Camp: The Happy Camper program has adapted to help foster youth experience camp year-round. Jill Hudspeth

For foster youth who have dealt with a year of isolation on top of the loneliness inherent to the foster care system, the chance to attend summer camp is a far-off fantasy come true.

Local resident Lindsay Elliot seeks to deliver that opportunity to as many foster youths as possible, and by partnering with online platform Happy Camper Live, make it an experience youth can access year-round from wherever they live.

As Executive Director of Santa Monica based non-profit Happy Trails for Kids, Elliot provides outdoor learning and extracurricular activities to around 400 foster youths each year, including a highly anticipated summer camp at Big Bear Lake. Over the past year, she has used the online hangouts and activities provided by Happy Camper Live to keep campers connected through the pandemic and beyond.

This partnership meets both organizations’ goal to make the joy of camp accessible to every child. According to Elliot and the Director of Happy Camper Live Allison Miller, these experiences can be absolutely transformative in the lives of underprivileged youth.

“There has to be equity in play for children in foster care,” said Elliot. “The system works so hard to keep children safe and deal with educational and mental health needs that the absence of childhood experiences and the importance of them is too often forgotten.”

L.A. County has the largest foster care system in the nation with over 34,000 children under the Department of Children and Family Services’ supervision.

These youth are at heightened risk of facing severe abuse, mental health issues, substance abuse issues, and food insecurity. When youth age out of the system they often lack the education, confidence and self-sufficiency to acquire a job and many fall into homelessness.

Programs like Elliot and Miller’s can make a world of difference for these young people by connecting them to community, providing a mentorship resource, and above all an opportunity to enjoy their childhood.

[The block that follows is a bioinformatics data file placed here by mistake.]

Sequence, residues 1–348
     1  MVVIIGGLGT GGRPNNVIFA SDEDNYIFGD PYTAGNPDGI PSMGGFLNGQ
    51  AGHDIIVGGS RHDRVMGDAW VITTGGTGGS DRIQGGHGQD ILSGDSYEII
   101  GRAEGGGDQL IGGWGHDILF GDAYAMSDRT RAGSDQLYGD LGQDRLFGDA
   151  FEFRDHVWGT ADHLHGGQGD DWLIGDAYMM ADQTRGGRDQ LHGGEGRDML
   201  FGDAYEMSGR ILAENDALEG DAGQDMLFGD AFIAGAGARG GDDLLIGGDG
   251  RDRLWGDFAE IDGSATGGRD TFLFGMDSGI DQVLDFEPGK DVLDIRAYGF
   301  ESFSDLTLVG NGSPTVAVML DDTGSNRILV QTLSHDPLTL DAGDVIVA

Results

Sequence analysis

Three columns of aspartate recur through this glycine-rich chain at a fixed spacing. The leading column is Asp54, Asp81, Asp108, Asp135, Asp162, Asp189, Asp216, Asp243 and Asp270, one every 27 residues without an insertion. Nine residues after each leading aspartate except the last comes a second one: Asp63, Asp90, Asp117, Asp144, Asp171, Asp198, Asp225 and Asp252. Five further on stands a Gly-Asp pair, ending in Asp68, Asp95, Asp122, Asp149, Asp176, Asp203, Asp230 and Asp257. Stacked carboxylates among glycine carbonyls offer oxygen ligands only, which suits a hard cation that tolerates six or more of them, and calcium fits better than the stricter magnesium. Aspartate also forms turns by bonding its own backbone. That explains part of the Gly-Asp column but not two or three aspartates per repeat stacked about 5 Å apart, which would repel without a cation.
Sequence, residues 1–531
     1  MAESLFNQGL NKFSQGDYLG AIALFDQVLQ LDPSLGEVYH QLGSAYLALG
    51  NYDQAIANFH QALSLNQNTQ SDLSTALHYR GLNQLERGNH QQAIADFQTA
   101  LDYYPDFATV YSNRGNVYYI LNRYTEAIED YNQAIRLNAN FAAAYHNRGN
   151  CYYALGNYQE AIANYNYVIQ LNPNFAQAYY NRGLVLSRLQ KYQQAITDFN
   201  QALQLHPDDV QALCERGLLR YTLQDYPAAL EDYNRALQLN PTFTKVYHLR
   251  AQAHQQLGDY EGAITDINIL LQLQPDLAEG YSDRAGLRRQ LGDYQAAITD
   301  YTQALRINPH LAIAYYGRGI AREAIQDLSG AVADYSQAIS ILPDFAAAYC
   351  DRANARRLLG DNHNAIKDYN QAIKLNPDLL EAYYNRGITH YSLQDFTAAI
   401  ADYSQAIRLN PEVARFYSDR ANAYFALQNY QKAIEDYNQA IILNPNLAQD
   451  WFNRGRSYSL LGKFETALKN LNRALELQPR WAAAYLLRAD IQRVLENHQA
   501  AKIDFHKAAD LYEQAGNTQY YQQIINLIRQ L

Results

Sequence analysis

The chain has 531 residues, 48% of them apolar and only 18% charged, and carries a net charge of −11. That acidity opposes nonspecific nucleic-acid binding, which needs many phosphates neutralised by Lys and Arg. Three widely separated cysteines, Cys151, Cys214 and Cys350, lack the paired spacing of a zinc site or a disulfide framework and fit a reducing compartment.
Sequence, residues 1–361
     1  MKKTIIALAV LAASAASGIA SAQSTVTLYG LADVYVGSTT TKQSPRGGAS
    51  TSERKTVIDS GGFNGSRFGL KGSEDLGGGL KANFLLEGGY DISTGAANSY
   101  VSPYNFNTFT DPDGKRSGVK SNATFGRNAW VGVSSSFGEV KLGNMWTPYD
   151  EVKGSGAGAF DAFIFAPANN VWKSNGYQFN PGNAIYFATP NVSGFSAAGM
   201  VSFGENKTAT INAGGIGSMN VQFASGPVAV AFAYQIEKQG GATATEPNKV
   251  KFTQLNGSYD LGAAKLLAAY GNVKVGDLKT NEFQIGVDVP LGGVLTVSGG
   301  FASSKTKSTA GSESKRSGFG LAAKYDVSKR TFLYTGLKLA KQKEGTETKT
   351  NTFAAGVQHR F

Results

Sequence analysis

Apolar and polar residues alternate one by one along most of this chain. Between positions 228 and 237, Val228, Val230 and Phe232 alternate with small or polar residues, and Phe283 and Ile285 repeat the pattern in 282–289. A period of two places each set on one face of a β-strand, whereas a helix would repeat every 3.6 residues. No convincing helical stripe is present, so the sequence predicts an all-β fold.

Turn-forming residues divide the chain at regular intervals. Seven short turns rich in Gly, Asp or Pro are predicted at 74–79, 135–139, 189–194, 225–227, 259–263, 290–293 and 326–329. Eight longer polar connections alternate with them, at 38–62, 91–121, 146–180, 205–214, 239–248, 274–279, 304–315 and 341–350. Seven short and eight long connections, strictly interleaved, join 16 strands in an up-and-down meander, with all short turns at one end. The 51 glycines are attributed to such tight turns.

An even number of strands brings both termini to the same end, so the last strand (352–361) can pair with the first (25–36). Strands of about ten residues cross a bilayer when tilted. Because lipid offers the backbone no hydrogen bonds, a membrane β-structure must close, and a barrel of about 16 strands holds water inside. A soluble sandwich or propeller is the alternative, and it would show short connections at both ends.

“This summer we had multiple siblings at camp who had not seen each other since the start of the pandemic, so it was incredibly emotional and inspiring to begin with,” said Elliot. “But what was so incredible is we had a large group of campers who had been together in a virtual experience, who were united in person and already had such deep friendships.”

Youth in Elliot’s programs have been attending Happy Camper Hangouts hosted by Happy Camper Live, which include talks with well-known speakers, activities to build on one’s passions and skills, and a space to gather with a community of peers.

The Happy Camper Live website also hosts over 400 on demand activities, live streamed activities, and a camp blog that any child can take advantage of from their own home.

“I had this vision of bringing summer camps to every kid in the world,” said Miller. “Wherever they are geographically or socioeconomically, I want them to experience the joy of summer camp,” said Miller.

Happy Trails utilizes the hangouts hosted by Happy Camper Live to keep camp connections strong after children pack up their bags. A key component of Happy Trails programs is the mentorship provided by camp counselors as the majority of them have lived experience of the foster care system.

“When they are at camp, either in-person or virtually, they are not only surrounded by their peers, but they have an opportunity to see their camp counselor and connect with them on a deeper level,” said Elliot. “We talk about educational dreams, we talk about work opportunities and it’s a really special thing to see.”

Demand is so great for Happy Trails camps that there is always a long waitlist of foster youth seeking to attend. To help bring camp experiences to more children, the organization has launched an “Everybody Deserves Camp” campaign, which people can donate to by texting “fostercamp” to 51555.

Clara@smdp.com